Are boards ticking boxes to get governance out of the way in order to focus on business building, or are they investing quality time and effort in reviewing governance arrangements and investing in re-shaping them to contribute to the next phase of business development? If directors are doing just enough to show willing, how do we move on from compliance with general codes, rules and regulations to getting governance arrangements right for particular enterprises?

Disaggregating Governance

One alternative to a standard code would be a series of codes and/or guidelines to address the distinct requirements of different types of entity and/or sectors, or organisations facing particular challenges and opportunities. Each would need to be periodically reviewed and updated to remain current, but who would do this and under what auspices? Would a family of codes, while it may have advantages, be a staging point en route to boards putting in place governance arrangements appropriate for the entities for which they are responsible? Should this be a statutory duty with the lazy adoption of a standard model a possible indicator that directors are not doing their jobs?

Is separate guidance required concerning governance in particular arenas, for example, innovation, knowledge, risk or talent management, IT or strategic planning? As in other areas, potential adopters would need to ensure that general guidance is not inappropriate for particular companies. In some sectors intelligent steering rather than annual corporate planning may be required. Guidance relating to education and training and human capital growth might not be a priority for a company with a strategy of replacing people with robots, drones and self-help systems.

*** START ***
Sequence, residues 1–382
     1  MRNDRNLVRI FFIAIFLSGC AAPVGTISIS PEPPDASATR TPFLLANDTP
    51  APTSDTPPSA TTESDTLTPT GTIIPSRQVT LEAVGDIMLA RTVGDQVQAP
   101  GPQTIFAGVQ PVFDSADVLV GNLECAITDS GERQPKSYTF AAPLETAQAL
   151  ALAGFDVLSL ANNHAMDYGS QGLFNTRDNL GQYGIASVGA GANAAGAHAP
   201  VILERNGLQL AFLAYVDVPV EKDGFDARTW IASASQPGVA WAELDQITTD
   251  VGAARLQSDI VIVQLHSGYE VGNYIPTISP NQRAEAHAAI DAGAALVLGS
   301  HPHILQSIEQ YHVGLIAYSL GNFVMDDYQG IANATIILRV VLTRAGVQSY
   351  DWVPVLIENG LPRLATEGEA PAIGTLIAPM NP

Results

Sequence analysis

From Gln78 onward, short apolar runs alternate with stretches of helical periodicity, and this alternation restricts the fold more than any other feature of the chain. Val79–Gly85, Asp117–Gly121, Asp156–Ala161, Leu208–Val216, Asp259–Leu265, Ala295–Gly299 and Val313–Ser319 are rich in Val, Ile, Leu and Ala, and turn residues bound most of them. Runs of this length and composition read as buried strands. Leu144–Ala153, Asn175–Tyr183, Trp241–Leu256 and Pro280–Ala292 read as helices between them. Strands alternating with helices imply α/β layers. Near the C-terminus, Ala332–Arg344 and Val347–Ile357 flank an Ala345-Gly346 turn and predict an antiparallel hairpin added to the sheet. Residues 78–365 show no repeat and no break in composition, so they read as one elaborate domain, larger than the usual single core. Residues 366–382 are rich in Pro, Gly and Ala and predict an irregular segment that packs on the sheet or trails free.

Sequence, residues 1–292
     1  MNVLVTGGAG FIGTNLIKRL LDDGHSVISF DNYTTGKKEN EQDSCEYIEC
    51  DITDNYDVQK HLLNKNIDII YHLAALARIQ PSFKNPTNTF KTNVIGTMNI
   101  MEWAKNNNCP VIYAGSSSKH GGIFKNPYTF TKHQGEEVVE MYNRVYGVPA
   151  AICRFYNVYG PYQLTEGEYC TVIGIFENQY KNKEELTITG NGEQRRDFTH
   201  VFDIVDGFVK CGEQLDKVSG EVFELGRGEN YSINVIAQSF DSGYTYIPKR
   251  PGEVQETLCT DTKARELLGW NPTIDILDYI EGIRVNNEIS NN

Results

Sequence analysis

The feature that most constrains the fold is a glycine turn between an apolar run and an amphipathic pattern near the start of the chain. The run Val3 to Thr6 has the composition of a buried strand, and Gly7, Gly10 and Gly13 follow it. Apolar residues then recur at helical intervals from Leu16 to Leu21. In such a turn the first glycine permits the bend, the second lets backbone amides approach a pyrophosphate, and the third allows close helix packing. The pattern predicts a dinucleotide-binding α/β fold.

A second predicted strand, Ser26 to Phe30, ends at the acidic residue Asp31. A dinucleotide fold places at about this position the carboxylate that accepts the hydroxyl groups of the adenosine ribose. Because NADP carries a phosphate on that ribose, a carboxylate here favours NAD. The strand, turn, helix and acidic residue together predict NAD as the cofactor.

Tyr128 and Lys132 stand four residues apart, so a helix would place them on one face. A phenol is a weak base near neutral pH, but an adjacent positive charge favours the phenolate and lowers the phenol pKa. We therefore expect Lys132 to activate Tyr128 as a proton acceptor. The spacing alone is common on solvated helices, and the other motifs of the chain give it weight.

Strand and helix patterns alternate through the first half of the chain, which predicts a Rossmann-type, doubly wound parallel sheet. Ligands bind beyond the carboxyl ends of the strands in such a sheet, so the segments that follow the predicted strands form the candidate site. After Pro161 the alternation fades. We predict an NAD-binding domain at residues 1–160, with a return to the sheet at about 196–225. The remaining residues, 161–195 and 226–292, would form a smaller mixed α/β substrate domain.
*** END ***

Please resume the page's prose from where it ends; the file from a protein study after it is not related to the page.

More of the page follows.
Governance is preoccupied with preventing downsides. The need for vigilance is justified by reference to corporate scandals, with the same few names regularly trotted out in articles and speeches. However, what about upside potential? For every negative example, there may well be hundreds or thousands of boards that are missing opportunities, taking well meaning but less than optimum decisions, and not operating as effectively as they could for a variety of reasons. What is governance contributing to this wider problem of improving the competence of directors and boards that could not be accomplished by other means such as director and board development?

Challenging Assumptions

One might expect shareholders to be vigilant in looking after their best interests. This is particularly true of entrepreneurs and the worlds of SMEs and family companies, where shareholders often keep a close watch on their investments, or are intimately involved in ‘building the business’. Many corporate governance approaches and codes have evolved to address a different situation, namely a separation of ownership and control and the reality that many investors have a diversified portfolio of investments and/or invest via institutions and their pensions. Hence they have less motivation to be actively involved in the affairs of any particular company.